This holiday season Facebook Friends in North America may give gifts to one another, whether naughty or nice.
In May of 21012, purchased Karma, the maker of a social giving app. Not much later, Facebook Gifts debuted in September allowing anyone connected to you as a “Friend” on the most popular social network in North America to receive real products from one another.
Companies such as Brookstone and the Gap are among numerous popular brick & mortar retailers that have already signed on the latest Facebook e-commerce concept of gift giving, as well as others, such as virtual retailers Pandora and now even iTunes. All poising themselves this holiday season for a good analysis of the new social networks future viability as an e-commerce competitor.
Currently, Amazon is the “world’s largest online retailer”, but Facebook has an estimated 800 million users. Something Amazon could only dream of having as a registered user base or potential customers. The enormous user base puts it in a firm standing as a direct competitor for on-line sales with Amazon.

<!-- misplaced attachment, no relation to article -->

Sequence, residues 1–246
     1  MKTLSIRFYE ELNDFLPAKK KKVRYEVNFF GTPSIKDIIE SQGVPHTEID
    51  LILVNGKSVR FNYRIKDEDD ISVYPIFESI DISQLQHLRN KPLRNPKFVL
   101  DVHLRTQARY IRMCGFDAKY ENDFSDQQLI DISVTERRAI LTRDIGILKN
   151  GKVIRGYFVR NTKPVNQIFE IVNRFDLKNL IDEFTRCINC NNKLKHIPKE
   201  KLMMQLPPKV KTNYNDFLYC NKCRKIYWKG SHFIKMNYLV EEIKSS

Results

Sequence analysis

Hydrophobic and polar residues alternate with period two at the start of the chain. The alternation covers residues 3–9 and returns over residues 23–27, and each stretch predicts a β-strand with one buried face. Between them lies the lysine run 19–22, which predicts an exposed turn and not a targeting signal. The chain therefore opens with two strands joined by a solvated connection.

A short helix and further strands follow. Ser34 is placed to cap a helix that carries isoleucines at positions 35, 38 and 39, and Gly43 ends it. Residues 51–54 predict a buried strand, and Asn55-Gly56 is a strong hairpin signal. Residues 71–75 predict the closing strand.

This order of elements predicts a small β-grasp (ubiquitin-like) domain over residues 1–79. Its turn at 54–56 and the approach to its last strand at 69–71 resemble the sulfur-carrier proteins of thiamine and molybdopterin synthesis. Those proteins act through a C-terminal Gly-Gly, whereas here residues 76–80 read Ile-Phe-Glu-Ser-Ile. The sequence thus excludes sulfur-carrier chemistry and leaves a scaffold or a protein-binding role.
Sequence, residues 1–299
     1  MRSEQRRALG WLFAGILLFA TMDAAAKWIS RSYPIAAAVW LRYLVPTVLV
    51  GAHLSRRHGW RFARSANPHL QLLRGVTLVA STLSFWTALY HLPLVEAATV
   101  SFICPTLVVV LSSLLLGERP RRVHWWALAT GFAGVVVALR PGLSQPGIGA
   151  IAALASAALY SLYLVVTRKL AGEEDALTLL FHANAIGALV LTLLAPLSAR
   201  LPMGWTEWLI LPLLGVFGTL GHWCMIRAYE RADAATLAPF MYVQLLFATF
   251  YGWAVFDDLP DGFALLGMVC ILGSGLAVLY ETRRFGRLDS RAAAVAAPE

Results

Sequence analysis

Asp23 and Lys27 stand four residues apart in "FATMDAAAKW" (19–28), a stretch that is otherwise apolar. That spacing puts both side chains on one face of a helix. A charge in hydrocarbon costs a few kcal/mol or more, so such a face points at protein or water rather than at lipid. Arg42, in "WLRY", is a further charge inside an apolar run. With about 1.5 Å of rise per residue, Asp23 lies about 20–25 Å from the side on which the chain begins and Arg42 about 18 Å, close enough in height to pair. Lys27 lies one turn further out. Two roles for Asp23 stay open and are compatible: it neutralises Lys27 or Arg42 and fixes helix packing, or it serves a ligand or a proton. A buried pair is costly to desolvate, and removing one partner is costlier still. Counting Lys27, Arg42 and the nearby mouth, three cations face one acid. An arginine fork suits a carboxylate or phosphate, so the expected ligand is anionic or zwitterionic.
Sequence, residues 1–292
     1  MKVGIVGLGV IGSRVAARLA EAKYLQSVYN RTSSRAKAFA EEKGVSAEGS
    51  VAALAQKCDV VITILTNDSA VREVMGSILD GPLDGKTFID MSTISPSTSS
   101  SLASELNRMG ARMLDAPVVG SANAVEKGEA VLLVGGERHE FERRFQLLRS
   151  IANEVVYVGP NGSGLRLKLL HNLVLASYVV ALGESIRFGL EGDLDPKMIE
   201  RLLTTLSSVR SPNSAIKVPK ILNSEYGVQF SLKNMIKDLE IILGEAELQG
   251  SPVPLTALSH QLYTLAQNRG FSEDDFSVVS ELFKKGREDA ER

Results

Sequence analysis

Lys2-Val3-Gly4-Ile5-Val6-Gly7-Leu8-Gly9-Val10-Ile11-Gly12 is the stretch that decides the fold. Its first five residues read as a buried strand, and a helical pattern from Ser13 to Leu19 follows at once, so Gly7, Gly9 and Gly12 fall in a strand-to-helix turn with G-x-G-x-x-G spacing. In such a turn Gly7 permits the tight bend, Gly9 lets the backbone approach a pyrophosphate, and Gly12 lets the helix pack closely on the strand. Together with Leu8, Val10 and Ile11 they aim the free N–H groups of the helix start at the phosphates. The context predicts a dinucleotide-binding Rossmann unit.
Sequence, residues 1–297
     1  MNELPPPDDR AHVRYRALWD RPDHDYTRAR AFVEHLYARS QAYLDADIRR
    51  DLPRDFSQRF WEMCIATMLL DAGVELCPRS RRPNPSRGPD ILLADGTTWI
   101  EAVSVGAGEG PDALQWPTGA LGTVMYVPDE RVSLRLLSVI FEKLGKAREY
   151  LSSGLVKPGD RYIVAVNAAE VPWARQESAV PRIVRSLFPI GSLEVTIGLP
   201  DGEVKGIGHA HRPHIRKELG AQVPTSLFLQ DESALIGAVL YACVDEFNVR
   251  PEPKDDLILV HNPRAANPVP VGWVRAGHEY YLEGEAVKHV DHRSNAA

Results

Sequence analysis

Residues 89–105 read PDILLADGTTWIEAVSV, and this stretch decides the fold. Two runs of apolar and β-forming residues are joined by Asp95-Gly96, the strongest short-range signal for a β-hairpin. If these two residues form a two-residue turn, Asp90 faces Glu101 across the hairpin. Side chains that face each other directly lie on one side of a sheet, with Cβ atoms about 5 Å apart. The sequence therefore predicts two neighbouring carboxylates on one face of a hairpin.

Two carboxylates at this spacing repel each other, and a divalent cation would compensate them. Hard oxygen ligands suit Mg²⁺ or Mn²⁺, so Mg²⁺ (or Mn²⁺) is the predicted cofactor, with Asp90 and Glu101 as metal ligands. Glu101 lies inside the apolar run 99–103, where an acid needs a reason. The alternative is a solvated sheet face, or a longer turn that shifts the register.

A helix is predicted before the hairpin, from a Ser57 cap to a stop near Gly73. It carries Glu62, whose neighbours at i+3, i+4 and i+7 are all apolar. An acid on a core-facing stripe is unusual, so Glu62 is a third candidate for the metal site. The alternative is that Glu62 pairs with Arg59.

How prepared is Facebook to handle this potential success? Facebook has thus far:
* Obtained a warehouse in South Dakota
* Developed a proprietary inventory tracking and shipping system.
* Begun testing the Facebook Gifts service with users in the U.S.
It’s difficult to imagine any way the service can ultimately fail and therefore it’s fairly safe to say that the stage is now set for Facebook to enable this e-commerce concept in numerous countries around the world. More than that, Facebook also has the ability to market the service through their own network, free of charge, as often as they want and in anyway they see fit. It sort of makes one wonder now if that’s why Facebook has always made such a big deal of “Birthdays”.
Eventually it seems this new e-commerce ability may also cause some issue for Facebook as well though. As we recently reported, Google has been under a barrage of attacks around the globe as countries attempt to pry into their records, claim monopolistic practices and a host of other accusation which Google has had to defend against. Facebook to is already in the position to be under scrutiny as well, as the company has even far more personal information regarding its users than Google typically collects (i.e. mobile numbers, friends, family data, etc.) By adding more monetizing features to their site, surely the money honey pot is going to attract more attention.
Facebook also has made Facebook Gifts available for iOS and Android users.
The question doesn’t seem to be, can Facebook make this an international e-commerce venture. The only question really seems to be, how long will it take?